Dozens of carers have been left devastated by news that respite care and recreational services for people with dementia are being axed.
East Leicestershire Clinical Commissioning Group (ELR CCG) has decided not to continue funding mental health day groups at Gloucester House in Melton beyond the end of July.
Age UK Leicestershire and Rutland, which also contributes money towards the four-day-a-week sessions, says it cannot afford to keep the services going without the additional annual £35,000 provided by the ELR CCG.
The organisation’s executive director, Tony Donovan, said this morning: “We have 25 people using this service four days a week and we have another nine on the waiting list.
“Carers are absolutely devastated this is happening - I have had calls from people who have been crying over the phone because they won’t be able to bring a loved one here anymore.
“Many of the carers are already at the end of their tether because of having to look after someone 24 hours a day.
“When our groups are closed, there will no longer be anywhere for these people to go except into a care home.”
Gloucester House centre manager Rhonda Fazackerley said those who attended the mental health groups benefited from interacting with other people and playing games with them while the carers got valuable respite from the stress of looking after dementia-sufferers.
“I am just shocked that we are losing these services,” she said. “I just keep thinking about the carers and the people who come here and wondering what they are going to do after July when the groups are no longer meeting.”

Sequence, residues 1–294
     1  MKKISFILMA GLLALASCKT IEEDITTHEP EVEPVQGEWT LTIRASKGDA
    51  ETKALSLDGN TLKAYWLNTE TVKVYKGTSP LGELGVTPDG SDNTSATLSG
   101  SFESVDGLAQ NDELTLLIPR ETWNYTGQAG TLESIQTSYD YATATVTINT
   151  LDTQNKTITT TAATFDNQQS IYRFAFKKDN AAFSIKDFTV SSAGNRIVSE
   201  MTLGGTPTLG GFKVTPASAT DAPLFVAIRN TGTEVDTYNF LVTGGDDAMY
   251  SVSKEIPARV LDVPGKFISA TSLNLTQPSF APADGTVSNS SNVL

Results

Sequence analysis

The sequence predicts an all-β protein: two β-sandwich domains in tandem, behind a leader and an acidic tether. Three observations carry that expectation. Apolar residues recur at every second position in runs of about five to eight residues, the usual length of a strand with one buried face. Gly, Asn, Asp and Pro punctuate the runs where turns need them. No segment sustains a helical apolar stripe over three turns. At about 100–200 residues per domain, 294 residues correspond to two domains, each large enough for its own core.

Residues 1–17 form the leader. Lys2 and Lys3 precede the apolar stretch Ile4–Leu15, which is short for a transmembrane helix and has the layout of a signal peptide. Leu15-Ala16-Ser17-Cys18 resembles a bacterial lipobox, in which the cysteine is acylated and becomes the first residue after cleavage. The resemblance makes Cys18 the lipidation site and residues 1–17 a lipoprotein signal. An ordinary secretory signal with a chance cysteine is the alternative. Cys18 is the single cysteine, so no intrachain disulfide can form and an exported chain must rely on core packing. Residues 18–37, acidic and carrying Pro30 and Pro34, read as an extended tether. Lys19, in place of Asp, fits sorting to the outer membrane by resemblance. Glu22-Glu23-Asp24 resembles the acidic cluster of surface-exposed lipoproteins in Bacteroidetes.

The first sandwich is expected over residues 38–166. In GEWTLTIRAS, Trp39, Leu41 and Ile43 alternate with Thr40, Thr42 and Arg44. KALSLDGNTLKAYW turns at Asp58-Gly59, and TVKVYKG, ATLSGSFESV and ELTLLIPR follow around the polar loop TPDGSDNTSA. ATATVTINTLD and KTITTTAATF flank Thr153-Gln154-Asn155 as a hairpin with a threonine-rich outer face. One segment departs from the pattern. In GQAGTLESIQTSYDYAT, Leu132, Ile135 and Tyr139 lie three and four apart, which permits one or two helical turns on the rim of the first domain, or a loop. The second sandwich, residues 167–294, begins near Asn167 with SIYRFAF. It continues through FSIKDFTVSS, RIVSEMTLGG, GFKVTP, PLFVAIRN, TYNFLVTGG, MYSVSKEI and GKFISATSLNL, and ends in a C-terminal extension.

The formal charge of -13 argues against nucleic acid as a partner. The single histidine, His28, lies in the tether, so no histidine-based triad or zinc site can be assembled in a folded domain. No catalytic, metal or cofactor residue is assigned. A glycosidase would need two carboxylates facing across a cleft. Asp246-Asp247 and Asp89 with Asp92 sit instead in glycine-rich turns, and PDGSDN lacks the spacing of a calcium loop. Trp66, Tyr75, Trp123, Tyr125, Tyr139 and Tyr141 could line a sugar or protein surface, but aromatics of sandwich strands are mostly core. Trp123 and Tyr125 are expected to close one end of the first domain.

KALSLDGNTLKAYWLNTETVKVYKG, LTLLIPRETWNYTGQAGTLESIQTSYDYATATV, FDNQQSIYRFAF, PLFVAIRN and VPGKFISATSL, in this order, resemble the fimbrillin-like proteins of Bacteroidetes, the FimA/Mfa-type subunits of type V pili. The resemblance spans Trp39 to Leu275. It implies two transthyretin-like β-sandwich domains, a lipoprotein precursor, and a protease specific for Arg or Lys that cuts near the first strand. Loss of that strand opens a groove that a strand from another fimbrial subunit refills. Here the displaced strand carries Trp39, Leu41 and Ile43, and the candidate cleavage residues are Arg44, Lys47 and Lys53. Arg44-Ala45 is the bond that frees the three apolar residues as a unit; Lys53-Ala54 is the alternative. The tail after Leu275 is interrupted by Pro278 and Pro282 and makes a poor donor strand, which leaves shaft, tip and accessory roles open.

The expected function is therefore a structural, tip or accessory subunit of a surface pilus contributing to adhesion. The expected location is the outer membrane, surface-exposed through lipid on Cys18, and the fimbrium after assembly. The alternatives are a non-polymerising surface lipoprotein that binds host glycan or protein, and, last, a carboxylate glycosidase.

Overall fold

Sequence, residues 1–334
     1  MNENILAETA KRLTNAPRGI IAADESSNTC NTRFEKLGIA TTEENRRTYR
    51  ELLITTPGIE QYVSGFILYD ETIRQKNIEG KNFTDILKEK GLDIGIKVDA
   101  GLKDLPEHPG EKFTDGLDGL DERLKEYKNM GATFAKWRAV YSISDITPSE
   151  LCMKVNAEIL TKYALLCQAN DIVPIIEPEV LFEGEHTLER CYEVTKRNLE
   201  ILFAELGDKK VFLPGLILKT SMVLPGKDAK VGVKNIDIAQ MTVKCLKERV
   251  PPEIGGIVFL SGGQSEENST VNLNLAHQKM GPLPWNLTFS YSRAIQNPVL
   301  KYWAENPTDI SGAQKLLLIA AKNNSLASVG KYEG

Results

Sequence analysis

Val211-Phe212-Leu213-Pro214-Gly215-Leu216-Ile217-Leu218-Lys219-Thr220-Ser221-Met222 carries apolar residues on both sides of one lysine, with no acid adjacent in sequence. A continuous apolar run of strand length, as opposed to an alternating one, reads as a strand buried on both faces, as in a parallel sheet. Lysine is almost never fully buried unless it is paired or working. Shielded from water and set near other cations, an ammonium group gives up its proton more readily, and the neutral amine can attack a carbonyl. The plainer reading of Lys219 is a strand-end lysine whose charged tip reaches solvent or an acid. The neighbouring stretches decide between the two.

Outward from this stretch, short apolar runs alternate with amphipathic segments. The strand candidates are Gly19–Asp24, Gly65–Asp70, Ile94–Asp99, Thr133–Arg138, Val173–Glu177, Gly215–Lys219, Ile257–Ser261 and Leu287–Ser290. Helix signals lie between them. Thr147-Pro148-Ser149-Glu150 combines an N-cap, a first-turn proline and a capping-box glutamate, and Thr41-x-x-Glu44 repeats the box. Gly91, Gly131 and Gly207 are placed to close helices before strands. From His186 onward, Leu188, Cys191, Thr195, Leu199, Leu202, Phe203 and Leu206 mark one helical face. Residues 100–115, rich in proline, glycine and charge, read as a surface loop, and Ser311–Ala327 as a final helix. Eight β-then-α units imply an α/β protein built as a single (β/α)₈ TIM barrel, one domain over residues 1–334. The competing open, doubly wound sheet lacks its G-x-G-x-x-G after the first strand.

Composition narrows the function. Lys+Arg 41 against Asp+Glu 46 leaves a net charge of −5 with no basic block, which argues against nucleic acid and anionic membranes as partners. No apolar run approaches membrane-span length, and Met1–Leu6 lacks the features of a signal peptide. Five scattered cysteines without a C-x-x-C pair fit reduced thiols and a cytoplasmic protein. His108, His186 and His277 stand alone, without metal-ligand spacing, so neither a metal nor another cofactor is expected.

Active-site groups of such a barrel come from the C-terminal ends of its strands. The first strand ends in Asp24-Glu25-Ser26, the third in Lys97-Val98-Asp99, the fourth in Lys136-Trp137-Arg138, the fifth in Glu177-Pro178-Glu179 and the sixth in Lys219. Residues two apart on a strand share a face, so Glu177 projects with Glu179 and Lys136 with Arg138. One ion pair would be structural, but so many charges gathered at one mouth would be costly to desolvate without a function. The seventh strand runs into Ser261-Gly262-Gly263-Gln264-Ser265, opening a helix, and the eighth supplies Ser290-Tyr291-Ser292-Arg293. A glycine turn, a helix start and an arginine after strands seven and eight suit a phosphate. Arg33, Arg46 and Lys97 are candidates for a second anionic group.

One of the carers is Lynn Prenderville, of Melton, who brings her mum, 89-year-old Mary Gamble, to sessions at Gloucester House.
Lynn said: “It will be absolutely dreadful when this service closes. Mum has Alzheimer’s and she’s only been coming here for a few months but it’s made such a difference to her. Since my dad died this has made her socialise and she looks forward to it and interacting with other people of her age.”
A tearful David Wade (70), of Melton, cares for his 88-year-old partner Barbara Farrow, who suffers from dementia.
David said: “This is terrible news. I bring Barbara here twice a week which then gives me the chance to visit my mum in a care home. I won’t be able to do that now. And Barbara will miss mixing with other people - it has really helped her.”
Alzheimer’s sufferer Barbara Wilson (83) is brought to sessions at Gloucester House by her daughter and carer, Sue Link.
“It’s a real lifeline for carers like me so this is devastating news,” said Sue. “My mum is Melton born and bred and has been coming here for 16 months. She can socialise and I know she is somewhere safe for a day. The people who have made these decisions not to fund it should come down and see what it does for people.”